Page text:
“There isn’t a better way to do that than by moving slowly, as a Union, from one that bases its strategy around participation to one that bases it around high performance.
“Trying to stay competitive is really difficult, so that’s why I would like to build our infrastructure here.
“The longer that we don’t do that, the further behind we get. There’s a big jump in the Pacific between the teams in the top tier and those below, so I really want to close that.
“When we played Tonga, I think they were ranked 15 and we were 53, so rankings-wise there is a massive and widening gap.
“I really wanted to get on the board as President because over time, if work isn’t done, that gap will get even bigger.
“The natural talent is there, we just need to get the infrastructure and our systems and support in place to grow with the talent that we do have.
“I would like to see us at the top of our tier, that would be great. But, also, I am well aware that governance and strategic planning is a huge part of that, and it is something we need to get right.”
Auckland-born Wihongi-Willis moved to the Cook Islands 13 years ago with her husband and the Cook Islands men’s sevens captain, Stephen Willis, and soon immersed herself in rugby matters.
She has managed both the men’s and women’s sevens teams, sat on the board as an advocate of women’s rugby for the last two years and, in June, she took up her present role, in addition to being heavily involved in community rugby.
“I am really thankful that the stakeholders in our Union saw the vision that I had for Cook Islands rugby and decided to vote for myself as a female but also as a non-Cook Islander as President of the board,” she said.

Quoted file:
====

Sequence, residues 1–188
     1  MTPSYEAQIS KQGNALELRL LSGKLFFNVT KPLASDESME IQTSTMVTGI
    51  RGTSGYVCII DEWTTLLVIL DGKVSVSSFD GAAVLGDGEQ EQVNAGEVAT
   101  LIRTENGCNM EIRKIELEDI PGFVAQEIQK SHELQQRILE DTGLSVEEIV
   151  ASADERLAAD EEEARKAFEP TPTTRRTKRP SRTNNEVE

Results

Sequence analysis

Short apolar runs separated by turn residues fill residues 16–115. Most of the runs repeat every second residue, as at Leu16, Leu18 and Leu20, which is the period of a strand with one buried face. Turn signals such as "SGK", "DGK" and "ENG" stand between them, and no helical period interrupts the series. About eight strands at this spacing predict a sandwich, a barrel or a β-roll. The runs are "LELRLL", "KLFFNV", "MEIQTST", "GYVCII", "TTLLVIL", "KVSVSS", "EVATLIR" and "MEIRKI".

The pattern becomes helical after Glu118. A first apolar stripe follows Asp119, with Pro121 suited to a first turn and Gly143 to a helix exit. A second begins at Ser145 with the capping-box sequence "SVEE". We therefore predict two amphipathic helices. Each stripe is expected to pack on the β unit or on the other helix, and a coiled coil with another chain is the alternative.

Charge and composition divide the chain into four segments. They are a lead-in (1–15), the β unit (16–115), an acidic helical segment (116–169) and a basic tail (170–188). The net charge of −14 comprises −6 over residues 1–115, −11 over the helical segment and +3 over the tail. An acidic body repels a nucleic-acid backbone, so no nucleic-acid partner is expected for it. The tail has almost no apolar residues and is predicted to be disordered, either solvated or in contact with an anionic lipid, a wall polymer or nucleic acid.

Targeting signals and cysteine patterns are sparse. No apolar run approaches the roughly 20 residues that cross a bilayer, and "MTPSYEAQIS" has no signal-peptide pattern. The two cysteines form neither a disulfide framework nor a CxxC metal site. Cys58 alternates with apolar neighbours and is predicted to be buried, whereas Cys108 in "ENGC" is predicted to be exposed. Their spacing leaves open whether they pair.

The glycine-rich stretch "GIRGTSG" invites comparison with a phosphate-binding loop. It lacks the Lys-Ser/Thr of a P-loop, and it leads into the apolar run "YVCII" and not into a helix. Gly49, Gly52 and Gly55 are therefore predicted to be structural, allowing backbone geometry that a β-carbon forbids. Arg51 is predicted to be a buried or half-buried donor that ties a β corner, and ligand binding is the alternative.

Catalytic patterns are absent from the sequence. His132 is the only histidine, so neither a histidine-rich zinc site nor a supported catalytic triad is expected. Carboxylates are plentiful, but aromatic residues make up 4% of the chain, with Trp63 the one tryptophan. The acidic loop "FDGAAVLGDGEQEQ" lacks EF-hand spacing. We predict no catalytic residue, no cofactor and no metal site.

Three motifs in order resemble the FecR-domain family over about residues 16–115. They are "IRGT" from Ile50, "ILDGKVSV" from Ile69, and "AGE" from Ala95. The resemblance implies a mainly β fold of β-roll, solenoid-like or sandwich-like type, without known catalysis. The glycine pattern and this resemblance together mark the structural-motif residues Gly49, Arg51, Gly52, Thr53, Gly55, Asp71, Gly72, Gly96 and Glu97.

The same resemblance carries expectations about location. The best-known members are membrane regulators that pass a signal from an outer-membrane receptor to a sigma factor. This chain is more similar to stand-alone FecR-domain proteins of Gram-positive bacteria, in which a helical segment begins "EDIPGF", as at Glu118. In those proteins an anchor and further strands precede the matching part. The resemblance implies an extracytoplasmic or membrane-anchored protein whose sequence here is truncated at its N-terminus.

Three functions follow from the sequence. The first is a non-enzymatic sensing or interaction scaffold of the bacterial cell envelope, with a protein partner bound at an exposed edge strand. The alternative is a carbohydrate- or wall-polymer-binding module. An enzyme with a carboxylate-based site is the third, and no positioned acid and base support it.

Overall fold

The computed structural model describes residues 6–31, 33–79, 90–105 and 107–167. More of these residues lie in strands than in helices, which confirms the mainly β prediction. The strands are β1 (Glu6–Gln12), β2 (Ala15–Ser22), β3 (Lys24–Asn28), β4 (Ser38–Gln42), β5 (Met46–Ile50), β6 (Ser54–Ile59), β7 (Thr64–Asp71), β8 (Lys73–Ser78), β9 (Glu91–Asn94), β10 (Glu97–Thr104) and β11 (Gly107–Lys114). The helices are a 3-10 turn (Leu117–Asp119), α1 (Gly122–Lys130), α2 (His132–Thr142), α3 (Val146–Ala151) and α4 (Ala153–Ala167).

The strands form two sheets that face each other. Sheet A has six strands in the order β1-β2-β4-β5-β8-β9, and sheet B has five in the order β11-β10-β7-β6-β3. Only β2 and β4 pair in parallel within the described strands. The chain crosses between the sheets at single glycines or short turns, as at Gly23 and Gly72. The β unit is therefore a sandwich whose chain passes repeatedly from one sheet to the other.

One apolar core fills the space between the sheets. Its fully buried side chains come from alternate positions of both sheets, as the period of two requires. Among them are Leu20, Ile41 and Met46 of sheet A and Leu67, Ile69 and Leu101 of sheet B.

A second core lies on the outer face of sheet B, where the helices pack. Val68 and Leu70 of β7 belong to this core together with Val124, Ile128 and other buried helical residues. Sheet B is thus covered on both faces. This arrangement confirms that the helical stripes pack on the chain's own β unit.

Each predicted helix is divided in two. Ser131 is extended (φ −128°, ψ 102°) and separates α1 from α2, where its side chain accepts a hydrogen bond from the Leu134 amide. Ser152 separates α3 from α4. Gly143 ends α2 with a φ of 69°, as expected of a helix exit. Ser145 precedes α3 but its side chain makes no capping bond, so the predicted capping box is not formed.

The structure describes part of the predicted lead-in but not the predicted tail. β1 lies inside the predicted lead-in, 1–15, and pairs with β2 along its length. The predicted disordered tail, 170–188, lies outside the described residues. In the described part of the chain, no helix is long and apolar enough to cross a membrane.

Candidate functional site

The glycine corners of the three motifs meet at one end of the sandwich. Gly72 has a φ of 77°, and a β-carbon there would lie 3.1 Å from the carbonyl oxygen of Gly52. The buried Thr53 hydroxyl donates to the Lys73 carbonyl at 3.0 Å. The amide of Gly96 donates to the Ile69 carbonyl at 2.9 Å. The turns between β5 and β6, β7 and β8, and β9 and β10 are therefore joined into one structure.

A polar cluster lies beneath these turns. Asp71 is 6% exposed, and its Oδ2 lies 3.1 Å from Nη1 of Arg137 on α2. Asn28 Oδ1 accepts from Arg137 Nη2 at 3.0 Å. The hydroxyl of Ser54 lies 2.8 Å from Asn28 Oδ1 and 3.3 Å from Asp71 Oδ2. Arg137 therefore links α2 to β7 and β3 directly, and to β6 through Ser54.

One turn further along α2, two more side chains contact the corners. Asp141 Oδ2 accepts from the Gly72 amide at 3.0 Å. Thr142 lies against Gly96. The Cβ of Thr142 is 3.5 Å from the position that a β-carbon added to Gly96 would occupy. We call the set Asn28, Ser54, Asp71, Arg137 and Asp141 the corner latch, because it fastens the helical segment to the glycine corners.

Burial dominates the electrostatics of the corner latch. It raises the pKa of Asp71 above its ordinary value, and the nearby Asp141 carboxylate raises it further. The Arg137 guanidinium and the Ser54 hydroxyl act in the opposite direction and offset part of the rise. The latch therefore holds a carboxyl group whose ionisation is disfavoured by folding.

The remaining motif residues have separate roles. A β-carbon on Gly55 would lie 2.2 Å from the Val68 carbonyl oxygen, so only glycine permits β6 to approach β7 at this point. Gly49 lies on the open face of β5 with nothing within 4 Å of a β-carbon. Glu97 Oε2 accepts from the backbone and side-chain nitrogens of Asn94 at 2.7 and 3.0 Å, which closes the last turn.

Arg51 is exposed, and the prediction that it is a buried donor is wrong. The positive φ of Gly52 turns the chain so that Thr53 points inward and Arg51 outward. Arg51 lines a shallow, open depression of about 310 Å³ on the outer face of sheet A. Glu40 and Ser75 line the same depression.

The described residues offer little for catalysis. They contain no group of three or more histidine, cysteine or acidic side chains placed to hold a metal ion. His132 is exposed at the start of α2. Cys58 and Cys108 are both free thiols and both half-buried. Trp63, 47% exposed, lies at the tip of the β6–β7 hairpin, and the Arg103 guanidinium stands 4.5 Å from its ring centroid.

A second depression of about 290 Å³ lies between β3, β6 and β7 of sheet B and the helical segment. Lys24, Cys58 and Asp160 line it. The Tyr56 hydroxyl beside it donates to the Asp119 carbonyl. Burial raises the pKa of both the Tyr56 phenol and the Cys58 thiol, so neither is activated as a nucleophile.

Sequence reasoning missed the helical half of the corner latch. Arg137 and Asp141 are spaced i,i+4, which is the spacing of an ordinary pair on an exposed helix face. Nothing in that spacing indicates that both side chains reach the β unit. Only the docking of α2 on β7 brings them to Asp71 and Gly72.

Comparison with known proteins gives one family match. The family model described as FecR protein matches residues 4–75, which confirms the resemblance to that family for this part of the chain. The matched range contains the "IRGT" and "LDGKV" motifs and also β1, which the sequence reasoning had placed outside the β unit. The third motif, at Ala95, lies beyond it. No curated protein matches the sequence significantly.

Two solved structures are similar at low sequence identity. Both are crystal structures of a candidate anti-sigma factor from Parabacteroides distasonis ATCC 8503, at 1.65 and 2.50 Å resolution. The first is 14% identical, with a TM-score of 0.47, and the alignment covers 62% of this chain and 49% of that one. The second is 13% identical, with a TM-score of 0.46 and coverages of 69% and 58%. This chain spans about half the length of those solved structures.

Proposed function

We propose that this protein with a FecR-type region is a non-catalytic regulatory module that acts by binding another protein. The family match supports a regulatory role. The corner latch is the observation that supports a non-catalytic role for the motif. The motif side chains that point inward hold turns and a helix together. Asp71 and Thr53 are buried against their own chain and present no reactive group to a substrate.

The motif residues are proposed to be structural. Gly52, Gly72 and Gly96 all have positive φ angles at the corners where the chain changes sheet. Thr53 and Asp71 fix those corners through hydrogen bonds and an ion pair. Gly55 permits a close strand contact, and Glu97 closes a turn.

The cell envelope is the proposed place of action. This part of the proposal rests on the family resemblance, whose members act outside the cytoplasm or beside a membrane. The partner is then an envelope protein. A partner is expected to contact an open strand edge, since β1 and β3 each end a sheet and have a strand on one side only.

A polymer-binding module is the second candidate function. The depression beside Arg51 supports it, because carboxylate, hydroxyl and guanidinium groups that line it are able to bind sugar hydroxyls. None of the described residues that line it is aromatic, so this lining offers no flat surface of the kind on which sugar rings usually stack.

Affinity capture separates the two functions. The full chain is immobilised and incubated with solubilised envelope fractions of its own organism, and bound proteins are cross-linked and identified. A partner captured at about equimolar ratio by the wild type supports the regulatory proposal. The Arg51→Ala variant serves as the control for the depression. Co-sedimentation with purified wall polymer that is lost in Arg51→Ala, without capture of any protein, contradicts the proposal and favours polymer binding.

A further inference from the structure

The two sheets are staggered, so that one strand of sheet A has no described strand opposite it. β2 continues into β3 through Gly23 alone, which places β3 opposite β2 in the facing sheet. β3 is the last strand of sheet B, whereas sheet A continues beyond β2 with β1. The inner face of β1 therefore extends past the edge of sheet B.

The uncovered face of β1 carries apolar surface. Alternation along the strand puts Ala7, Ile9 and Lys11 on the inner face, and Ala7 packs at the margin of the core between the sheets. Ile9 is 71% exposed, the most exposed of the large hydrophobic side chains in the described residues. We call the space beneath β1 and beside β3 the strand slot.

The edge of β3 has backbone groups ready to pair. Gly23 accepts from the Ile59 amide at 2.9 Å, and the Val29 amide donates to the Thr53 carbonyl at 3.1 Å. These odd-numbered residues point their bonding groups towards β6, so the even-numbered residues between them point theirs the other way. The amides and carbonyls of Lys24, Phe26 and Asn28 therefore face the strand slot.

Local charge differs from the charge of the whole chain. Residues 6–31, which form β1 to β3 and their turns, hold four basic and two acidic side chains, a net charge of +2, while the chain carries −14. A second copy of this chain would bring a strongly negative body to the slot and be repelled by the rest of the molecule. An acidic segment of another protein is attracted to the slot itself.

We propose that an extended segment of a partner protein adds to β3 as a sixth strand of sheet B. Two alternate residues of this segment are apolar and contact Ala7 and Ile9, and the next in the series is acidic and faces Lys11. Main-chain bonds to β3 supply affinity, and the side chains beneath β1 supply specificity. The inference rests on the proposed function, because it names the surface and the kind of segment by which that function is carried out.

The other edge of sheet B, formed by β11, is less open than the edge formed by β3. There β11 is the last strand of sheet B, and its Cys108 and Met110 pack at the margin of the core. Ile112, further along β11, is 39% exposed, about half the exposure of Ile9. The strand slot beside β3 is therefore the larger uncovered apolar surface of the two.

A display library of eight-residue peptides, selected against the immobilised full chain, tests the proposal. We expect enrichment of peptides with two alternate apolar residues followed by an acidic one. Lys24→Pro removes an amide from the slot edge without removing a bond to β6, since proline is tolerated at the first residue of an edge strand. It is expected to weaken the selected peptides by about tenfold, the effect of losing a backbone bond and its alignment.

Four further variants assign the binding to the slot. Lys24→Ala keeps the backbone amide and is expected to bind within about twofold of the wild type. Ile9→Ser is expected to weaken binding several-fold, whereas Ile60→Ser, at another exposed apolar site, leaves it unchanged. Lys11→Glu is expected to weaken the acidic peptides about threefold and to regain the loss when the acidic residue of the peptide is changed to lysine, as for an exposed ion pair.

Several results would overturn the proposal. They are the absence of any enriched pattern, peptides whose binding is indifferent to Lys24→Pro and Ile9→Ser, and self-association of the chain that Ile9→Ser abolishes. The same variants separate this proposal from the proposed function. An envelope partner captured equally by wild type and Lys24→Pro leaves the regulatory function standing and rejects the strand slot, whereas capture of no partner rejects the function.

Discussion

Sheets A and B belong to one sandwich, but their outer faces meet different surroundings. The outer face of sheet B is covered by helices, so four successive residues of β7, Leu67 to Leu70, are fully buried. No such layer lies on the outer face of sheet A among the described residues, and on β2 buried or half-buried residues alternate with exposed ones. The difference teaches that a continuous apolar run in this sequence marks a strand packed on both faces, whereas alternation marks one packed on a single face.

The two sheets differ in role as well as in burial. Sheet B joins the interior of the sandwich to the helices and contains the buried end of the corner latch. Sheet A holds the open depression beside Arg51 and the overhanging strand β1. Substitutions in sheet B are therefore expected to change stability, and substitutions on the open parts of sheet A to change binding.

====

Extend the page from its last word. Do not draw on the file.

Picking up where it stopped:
“On the whole, I have been really supported and I think a lot of that comes down to the fact that, over the years, I have done a lot for rugby and it’s getting to the point in the Cook Islands where they want action not just people talking about doing things.”
More action and more fixtures is on Wihongi-Willis’ wish-list.
“I would like to see more tests played by the Cook Islands. We do only tend to play every four years, so to be competitive with a new team and new coaches every four years becomes a bit difficult.
“I want to put in place systems whereby we can not only retain players but also coaches and management. If you get good coaching and management, the world’s your oyster. We just need more game time in between.”
Having former All Black Lima Sopoaga on board as assistant to head coach Nathan Robinson clearly had a positive effect on the team as they only trailed Tonga by four points approaching half-time, before falling away in the second half.
“To be able to know that’s our starting point, and it is only going to get better from here, was really exciting,” Wihongi-Willis said.
“Coming into the changing rooms after the game, whilst we were all disappointed not to have won, everybody was happy with the effort and really excited for the future of 15s in the Cook Islands.”